The Equality Act would amend federal law to prohibit discrimination on the basis of sexual orientation and gender identity, among other things. It would expand the arenas in which non-discrimination law applies and explicitly gut religious freedom protections.
In true Orwellian fashion, the Democrats have crafted an Equality Act that will promote inequality, enabling the government to privilege LGBT ideology over the Americans who disagree, for religious or other reasons. The Equality Act opens the door to a host of governmental actions to stifle dissent and enforce orthodoxy on LGBT issues, particularly the divisive claims of transgender activism.
Nadler’s statement that “what any religious tradition describes as God’s will is no concern of this Congress” is utterly preposterous in the light of American history.
While many historians dispute the claim that America was founded as a Judeo-Christian nation, the Declaration of Independence mentions God no fewer than four times, explicitly grounding America’s right to independence from Britain in “the Laws of Nature and of Nature’s God.” Contrary to claims that America’s founding was Deist, the Declaration refers to God as “the Supreme Judge of the world” and expresses confidence in “the protection of divine Providence.”
While the Constitution does not mention God, the central foundation of American government arguably boils down to one sentence from the Declaration: “We hold these truths to be self-evident, that all men are created equal, that they are endowed by their Creator with certain unalienable Rights, that among these are Life, Liberty and the pursuit of Happiness” (emphasis added).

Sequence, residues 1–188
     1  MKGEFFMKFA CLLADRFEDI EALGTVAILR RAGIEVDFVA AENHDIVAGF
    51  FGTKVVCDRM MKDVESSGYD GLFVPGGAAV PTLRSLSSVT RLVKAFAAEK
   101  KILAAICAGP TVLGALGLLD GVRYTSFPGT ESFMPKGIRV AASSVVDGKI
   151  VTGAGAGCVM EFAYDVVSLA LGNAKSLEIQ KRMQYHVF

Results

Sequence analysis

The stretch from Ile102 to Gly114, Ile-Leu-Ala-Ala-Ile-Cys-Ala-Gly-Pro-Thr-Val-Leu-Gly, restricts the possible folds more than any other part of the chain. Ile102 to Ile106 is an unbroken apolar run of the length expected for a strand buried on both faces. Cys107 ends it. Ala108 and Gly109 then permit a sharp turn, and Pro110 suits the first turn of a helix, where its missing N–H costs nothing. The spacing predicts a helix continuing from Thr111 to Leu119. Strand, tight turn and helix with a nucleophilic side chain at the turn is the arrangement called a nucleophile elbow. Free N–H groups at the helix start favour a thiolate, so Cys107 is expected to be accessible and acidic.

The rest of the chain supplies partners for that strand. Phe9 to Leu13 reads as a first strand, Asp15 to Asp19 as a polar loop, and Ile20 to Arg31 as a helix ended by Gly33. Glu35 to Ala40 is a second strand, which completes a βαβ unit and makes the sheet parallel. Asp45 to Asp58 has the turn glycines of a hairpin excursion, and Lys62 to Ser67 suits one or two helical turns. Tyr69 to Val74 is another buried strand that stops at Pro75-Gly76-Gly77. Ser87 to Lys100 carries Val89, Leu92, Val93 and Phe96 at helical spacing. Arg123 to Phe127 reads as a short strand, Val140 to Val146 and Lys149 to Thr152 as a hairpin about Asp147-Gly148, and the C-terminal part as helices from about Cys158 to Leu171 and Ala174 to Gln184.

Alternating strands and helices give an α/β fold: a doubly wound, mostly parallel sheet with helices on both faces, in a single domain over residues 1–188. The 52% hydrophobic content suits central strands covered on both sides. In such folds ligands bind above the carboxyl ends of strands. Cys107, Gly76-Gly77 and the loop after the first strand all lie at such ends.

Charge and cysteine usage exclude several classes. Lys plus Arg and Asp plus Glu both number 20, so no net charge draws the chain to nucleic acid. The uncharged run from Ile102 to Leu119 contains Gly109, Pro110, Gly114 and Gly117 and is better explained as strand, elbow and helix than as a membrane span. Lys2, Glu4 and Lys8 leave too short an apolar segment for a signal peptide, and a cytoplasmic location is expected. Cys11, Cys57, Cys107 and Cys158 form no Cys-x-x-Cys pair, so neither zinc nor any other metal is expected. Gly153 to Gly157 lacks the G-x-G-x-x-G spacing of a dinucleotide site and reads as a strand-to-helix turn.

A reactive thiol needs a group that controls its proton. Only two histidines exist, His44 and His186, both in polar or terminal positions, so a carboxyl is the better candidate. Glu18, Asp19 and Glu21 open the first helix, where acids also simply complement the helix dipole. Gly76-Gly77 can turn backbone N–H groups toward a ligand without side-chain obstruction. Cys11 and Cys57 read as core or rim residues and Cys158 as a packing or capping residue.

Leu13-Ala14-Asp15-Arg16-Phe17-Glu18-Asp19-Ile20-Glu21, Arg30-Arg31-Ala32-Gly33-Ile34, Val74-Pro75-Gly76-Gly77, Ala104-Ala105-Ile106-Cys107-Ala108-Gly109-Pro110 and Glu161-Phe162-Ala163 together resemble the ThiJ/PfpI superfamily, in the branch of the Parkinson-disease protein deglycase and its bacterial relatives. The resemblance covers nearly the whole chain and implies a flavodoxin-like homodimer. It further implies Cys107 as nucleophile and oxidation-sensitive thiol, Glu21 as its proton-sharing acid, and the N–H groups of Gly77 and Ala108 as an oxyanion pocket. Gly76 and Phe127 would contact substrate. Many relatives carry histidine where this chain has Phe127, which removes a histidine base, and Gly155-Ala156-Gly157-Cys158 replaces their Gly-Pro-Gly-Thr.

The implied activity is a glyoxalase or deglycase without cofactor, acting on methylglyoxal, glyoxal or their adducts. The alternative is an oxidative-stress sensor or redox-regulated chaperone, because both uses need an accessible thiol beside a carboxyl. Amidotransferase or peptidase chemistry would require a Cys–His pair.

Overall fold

The Founders crafted America’s government on a foundation of Roman law, Greek philosophy, and the Judeo-Christian moral tradition tracing through figures such as Thomas Aquinas and John Locke. Not only does the name of God stand proudly behind the Speaker’s rostrum, but the House of Representatives also features reliefs of lawgivers such as Moses, Maimonides, Justinian, Saint Louis, and William Blackstone.
Yet Nadler’s attempted scrubbing of American history is arguably far less dangerous than what his statement reveals about Democrats’ attitude to religious freedom.
The First Amendment explicitly guarantees the right to “free exercise of religion” and the Religious Freedom Restoration Act of 1993 (RFRA) strengthened that essential right — with strong bipartisan support and the signature of President Bill Clinton. Yet the Equality Act explicitly hobbles RFRA for any claims involving discrimination on the basis of sexual orientation or gender identity. This isn’t just a conservative talking-point against the Democratic bill — it’s in the plain text of the legislation!
“The Religious Freedom Restoration Act of 1993 (42 U.S.C. 2000bb et seq.) shall not provide a claim concerning, or a defense to a claim under, a covered title, or provide a basis for challenging the application or enforcement of a covered title,” the bill says.
In other words, the “Equality” Act explicitly carves out an exemption from the right of religious freedom — an exemption that only applies to claims of discrimination on the basis of sexual orientation or gender identity.
Nadler’s statement that “God’s will is no concern of this Congress” provides a glimpse of the Equality Act’s enormous attack on religious freedom. Although Congress is forbidden from establishing a religion, and even more so from applying the Christian Bible, the Torah, or the Quran in American law in the fashion of a theocracy, the authority of American government traces back to the idea that the Laws of Nature and of Nature’s God have endowed Americans with fundamental rights that government is compelled to respect.
Central to those rights is religious freedom, and the Equality Act explicitly undermines it. By attempting to exclude God from the discussion, Nadler is demonstrating how the Equality Act will silence Americans of faith who disagree with LGBT orthodoxy. Via – PJ Media